Growing up on “Perry Mason” reruns, Abby Dizon-Maughan ('12) can’t recall wanting to be anything except a lawyer. The character, she says, validated her seemingly innate obstinacy and yen for argumentation.
“I wanted to be a lawyer like that guy,” she says. “He was the gotcha guy. He’d get the bad guys and figure out these problems that no one else could seem to wrap their brains around. I wanted to be a problem solver.”
Dizon-Maughan, who grew up in Kearns, Utah, has been true to her word. These days she’s an associate at Parsons Behle & Latimer in Salt Lake City, where she does commercial and civil litigation. She’s also the chairwoman of the Professional Standards Review Board of the West Valley Police Department, and she chairs the criminal justice committee of the NAACP’s Salt Lake Branch.
Her professional efforts garnered Dizon-Maughan a 2022 “Living Color Award” from Utah Business Magazine and Living Color Utah, a Salt Lake City Corporation project that supports ethnic chambers of commerce. It’s just one of many plaudits she’s received over the years. She was named a Super Lawyers Rising Star for 2017-22, and Utah Law feted her the Young Alumna of the Year in 2019.
The Living Color Award in particular served an important purpose, Dizon-Maughan says: “I felt recognized. I felt seen.”
Dizon-Maughan, of Filipino and Chinese descent, is also a role model for other lawyers of color. At her firm, she helped to create the attorney of color group, which she describes as a “safe space created by minority attorneys for minority attorneys.” It’s a far cry from the whitewashed days of “Perry Mason.” The members of the group are able to talk about microaggressions that they face – subtle, indirect or unintentional acts of discrimination – while sharing advice on how to become leaders in the legal profession.
While at Utah Law, Dizon-Maughan, a first-generation born American, was a member of the Minority Law Caucus, which focuses on promoting diversity within the legal profession and the College of Law. Dizon-Maughn recalls it as a splace where law students could discuss the idiosyncrasies of case law as minorities, and in some instances cultural outsiders.
“Probably the best example is in property law,” she says. “Many of us come from immigrant families, where the idea of owning property was so foreign that we really couldn’t comprehend it. It was another language to us. It was really a safe place for us to get together and say, ‘OK, I don’t quite understand this.’ No matter how hard we tried to be American, we still sometimes found ourselves on the outside.”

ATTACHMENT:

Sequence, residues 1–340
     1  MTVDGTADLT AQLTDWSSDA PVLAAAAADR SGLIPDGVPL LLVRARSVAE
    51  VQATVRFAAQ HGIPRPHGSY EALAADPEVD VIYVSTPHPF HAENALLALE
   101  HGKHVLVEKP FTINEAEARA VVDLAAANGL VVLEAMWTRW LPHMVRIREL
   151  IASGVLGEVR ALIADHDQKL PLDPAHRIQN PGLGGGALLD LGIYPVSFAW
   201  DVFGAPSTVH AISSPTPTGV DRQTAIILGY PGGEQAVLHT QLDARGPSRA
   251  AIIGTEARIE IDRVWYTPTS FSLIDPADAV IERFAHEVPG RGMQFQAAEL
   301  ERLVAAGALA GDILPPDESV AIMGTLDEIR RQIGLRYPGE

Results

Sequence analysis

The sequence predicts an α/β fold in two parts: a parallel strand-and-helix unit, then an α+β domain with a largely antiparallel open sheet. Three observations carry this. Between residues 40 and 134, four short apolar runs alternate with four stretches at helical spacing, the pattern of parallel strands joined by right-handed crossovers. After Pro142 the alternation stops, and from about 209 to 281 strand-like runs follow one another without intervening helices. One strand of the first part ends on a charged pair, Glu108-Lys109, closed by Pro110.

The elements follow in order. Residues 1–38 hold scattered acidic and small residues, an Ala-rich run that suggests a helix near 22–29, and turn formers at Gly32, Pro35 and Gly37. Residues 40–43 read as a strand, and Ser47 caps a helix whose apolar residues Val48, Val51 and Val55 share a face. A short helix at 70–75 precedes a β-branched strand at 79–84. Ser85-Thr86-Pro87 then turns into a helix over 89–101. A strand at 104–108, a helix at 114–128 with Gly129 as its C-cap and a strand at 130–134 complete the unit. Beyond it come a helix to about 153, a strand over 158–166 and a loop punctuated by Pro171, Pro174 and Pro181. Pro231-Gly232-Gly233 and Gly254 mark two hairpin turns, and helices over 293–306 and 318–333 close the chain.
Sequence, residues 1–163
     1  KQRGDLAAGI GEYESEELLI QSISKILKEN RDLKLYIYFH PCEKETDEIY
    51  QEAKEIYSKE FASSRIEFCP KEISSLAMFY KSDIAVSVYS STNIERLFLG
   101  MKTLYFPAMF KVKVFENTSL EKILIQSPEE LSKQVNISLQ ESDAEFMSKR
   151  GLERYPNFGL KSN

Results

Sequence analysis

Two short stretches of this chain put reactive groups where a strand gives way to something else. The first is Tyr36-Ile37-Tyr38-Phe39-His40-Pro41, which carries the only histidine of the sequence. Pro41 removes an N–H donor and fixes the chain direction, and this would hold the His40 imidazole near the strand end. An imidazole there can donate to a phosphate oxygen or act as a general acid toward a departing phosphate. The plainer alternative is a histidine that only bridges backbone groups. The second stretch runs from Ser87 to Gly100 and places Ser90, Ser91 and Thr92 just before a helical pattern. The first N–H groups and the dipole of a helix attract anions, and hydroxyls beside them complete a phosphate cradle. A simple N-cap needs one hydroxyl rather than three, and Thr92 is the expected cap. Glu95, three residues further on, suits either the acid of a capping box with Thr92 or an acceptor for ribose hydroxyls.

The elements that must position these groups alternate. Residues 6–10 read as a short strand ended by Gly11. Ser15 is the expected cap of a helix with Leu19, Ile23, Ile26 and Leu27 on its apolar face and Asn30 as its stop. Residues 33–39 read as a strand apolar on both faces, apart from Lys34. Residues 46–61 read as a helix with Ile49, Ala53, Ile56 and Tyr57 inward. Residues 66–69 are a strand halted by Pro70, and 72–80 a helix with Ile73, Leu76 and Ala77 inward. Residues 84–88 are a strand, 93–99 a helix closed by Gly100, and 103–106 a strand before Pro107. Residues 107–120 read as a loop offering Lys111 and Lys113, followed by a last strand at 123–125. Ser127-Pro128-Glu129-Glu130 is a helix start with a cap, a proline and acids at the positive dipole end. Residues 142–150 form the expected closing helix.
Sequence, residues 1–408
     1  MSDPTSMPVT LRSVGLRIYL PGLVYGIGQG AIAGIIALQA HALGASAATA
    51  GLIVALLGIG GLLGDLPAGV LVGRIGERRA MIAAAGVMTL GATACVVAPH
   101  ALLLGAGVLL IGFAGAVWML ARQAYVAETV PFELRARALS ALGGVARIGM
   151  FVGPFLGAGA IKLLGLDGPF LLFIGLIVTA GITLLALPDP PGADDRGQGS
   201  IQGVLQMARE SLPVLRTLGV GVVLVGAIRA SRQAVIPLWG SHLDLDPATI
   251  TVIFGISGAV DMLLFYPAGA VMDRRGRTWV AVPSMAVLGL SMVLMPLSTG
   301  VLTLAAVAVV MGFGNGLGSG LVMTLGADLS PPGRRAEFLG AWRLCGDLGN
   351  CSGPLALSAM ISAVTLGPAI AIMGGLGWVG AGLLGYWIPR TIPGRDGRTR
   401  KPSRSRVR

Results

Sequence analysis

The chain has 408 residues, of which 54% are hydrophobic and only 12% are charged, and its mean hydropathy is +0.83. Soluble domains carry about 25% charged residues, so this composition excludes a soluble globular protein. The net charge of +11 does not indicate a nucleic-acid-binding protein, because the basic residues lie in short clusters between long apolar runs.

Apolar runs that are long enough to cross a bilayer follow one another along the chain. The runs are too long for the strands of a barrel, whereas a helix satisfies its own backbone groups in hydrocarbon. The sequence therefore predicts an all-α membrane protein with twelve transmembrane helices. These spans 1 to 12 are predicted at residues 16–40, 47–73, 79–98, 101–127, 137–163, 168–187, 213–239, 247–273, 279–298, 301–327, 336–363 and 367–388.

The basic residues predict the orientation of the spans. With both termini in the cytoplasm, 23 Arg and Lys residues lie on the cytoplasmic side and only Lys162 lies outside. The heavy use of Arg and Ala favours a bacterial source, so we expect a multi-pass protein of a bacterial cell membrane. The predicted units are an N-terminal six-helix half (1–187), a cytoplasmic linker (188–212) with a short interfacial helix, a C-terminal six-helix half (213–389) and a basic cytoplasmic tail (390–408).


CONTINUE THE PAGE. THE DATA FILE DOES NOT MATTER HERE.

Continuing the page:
It wasn’t until she was in high school that Dizon-Maughan thought she could make her legal dreams a reality. It was then that a friend’s mom – a married mother of three – decided to enroll in law school. “She was a non-traditional student and I thought, ‘well, shoot, if she can do it, there’s got to be space for me,’” says Dizon-Maughan, herself a mom of two who lives in West Valley.
(Her father jokes that Dizon-Maughan gets her tenacity from a family descendent: early 20th-century Filipino patriot José Dizon, an important figure in fomenting the Philippine revolution against Spanish colonialism.)
Her entry into the legal world wasn’t exactly propitious. In her first job out of law school, working at a small litigation firm as a paralegal, Dizon-Maughan was summoned into a meeting by the office manager. “No joke, she said, ‘I don’t think you’re smart enough to do this. You have a very vivacious personality, and you’d be better off as a waitress,’” she recalls.
Boorish comments aside, she chooses to focus on the work at hand.
“Litigators keep the system in check,” Dizon-Maughan says. “If not for the work that we do, it would really be a free for all. People have to be held accountable for the decisions and commitments that they make. I think that principle can be applied generally. We should be a people of integrity, and if we’re not keeping our word, then what good are we to each other anyway?”